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So, I have this project, where I use yapsy and watchdog, but both those libraries have broken versions on PyPI (at least for p3, what I call "broken" was just ported the wrong way).

Instead of installing them from PyPI, I cloned their GIT repositories and installed them by hand. Problem came up when I started writing setup.py.

How do I tell installing app (pip, easy_install, whatever) to use version from VCS repo, instead of PyPI?

I could do this by forking and fixing those libs, but I find it... wrong. I would have to freeze library, or wait some time, until someone merges my fix to libs repository.

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Closely related: Additional actions in setup.py for install –  Martijn Pieters Jan 7 at 13:02
In summary: if you dictate in your setup.py how dependencies are installed, you tie yourself too closely to those dependencies. You'll need to upgrade your own version number every time one how one of the dependencies switches download locations. Provide a requirements.txt or buildout.cfg or manual instructions in your project documentation instead. –  Martijn Pieters Jan 7 at 13:03
See caremad.io/blog/setup-vs-requirement for a good blog post on the subject. –  Martijn Pieters Jan 7 at 13:11

1 Answer 1

Before you use this solution

I strongly recommend reading comments both to question and answer - this solution is dirty and should be used only, when there is no other choice (because of company policy, or anything else that you cannot change).


First thing I found out was that I need to use dependency link. It is useful, when repo version is higher than PyPI. Problem is, that installation apps prefer PyPI over VCS, when versions are the same.

So, thanks to this: Setuptools unable to use link from dependency_links I figured out that I need to tell installing app that VCS holds higher version than PyPI, even though they are the same, and require version less or equal to this higher version (which I declared is on VCS).

So, yeah, cool. I can write:

install_requires=[ ..., "watchdog<0.6.1", ...],
dependency_links = [
], ...

but if tommorow new version comes out, then I stay behind newest bug fixes, etc.

So I figured out, that I need to find out highest version at the moment, and do the trick with version "one point higher on last position". Here is code I used for this. I put it in "setup_helpers.py": http://pastebin.com/1crW5VCL

Now, in setup.py I did something like that:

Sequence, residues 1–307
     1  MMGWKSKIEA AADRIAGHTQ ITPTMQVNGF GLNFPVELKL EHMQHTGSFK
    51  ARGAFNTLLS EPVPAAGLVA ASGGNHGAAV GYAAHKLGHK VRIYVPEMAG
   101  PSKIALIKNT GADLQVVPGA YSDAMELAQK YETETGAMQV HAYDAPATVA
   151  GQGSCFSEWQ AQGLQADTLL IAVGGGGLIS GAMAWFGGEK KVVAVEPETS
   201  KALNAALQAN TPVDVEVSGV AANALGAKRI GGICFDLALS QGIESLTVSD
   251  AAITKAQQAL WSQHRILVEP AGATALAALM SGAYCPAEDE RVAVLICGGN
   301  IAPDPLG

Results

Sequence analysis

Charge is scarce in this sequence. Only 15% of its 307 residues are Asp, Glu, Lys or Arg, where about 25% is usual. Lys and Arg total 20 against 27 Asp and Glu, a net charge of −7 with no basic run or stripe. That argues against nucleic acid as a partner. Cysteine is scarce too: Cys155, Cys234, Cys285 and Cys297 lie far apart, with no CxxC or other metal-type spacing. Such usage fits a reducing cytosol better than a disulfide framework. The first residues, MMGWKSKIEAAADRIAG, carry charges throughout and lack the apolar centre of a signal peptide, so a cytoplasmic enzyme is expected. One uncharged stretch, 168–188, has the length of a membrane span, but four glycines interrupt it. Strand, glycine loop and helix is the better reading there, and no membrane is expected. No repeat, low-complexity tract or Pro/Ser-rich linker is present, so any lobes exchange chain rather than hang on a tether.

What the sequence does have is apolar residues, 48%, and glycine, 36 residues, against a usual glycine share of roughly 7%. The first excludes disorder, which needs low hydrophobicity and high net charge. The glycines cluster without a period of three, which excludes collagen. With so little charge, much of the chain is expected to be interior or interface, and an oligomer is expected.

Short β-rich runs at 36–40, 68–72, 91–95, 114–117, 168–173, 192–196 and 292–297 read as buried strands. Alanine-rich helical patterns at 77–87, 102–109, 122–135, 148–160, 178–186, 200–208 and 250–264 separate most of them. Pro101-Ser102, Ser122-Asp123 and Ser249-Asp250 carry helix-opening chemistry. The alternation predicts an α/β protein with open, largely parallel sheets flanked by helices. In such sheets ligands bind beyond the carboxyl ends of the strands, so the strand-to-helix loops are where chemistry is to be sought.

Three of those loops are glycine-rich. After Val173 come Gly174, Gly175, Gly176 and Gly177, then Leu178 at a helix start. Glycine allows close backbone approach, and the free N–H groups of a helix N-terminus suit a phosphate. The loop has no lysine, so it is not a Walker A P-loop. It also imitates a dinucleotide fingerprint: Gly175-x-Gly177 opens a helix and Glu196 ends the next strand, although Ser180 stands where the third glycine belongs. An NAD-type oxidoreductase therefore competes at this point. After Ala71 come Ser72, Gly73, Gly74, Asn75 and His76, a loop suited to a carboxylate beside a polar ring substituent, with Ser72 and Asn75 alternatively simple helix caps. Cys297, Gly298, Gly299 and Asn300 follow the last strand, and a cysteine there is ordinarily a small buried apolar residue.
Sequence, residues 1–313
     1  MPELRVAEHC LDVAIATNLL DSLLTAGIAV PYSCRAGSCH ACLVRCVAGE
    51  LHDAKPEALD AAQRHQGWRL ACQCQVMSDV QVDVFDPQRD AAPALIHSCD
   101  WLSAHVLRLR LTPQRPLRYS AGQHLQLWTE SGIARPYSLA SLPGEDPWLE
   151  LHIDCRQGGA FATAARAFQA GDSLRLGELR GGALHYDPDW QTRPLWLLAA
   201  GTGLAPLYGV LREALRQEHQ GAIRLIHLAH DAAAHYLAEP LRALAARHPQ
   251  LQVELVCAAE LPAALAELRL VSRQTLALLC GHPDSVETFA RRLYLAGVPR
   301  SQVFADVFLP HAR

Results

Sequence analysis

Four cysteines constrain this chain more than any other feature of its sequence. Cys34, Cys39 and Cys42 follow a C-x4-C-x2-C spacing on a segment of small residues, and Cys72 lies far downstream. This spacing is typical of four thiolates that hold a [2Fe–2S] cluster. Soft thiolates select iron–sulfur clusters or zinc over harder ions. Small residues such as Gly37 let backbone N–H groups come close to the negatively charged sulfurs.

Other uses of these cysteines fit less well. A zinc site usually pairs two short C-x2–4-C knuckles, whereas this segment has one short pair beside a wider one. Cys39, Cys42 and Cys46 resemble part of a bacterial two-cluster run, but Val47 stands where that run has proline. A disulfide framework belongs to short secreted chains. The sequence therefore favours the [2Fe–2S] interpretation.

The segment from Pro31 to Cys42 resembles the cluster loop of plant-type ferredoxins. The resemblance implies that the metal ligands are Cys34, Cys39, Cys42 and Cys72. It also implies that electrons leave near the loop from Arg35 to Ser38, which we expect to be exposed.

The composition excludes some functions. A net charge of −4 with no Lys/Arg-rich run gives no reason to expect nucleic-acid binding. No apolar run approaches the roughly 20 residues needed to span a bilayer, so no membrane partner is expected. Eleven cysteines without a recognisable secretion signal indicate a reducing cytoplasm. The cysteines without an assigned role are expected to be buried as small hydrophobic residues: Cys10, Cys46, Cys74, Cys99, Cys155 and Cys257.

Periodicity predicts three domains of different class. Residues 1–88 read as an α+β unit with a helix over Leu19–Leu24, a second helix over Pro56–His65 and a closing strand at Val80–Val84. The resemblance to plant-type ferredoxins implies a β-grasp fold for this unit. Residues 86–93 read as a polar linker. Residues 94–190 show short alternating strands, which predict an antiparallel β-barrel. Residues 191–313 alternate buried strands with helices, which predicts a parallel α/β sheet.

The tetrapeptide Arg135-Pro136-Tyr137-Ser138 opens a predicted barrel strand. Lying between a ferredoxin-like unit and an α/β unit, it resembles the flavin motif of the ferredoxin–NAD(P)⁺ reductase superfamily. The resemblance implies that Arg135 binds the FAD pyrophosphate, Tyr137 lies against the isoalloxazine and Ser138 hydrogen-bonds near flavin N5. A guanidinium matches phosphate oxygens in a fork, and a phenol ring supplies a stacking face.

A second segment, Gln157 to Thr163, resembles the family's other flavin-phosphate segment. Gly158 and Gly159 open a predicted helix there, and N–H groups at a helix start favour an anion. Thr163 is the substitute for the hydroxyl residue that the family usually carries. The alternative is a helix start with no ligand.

from setup_helpers import vcs_requirement, egg_name
install_requires=[ ..., vcs_requirement("watchdog"), ...],
dependency_links = [
    "git+https://github.com/gorakhargosh/watchdog.git#egg=%s" % egg_name("watchdog"),
], ...

And that does the trick - and will as long, as noone will mess with version numbers (so they stay strictly numeric, without branches, etc, etc). Also, this enforces assumption that VCS code is more up-to-date than PyPI code. It works for me.

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Your package really should not make such decisions. Package distributions can easily change over time, don't tie your package to a specific location. –  Martijn Pieters Jan 7 at 12:50
Depend on version ranges, and leave finding the packages up to pip or buildout or whatever tool you are using to install your package. They can be instructed to look at GitHub for a dependency. –  Martijn Pieters Jan 7 at 12:51
So, what do you propose in this situation? I understand WHY PyPI was created, and that repo may be moved, etc - but this is the case in which PyPI wasn't used properly, and I have no other choice, than install this from VCS repo. Of course, if fix will come up, I'll change my setup.py to use PyPI again. –  FilipMalczak Jan 7 at 12:52
If you need to change your setup.py just because an external dependency changed, you also need to change your version number, otherwise your package won't be reinstalled properly. Don't mess with setup.py unless your own code change.d –  Martijn Pieters Jan 7 at 12:55
See codeinthehole.com/writing/… for a pip example. –  Martijn Pieters Jan 7 at 12:55

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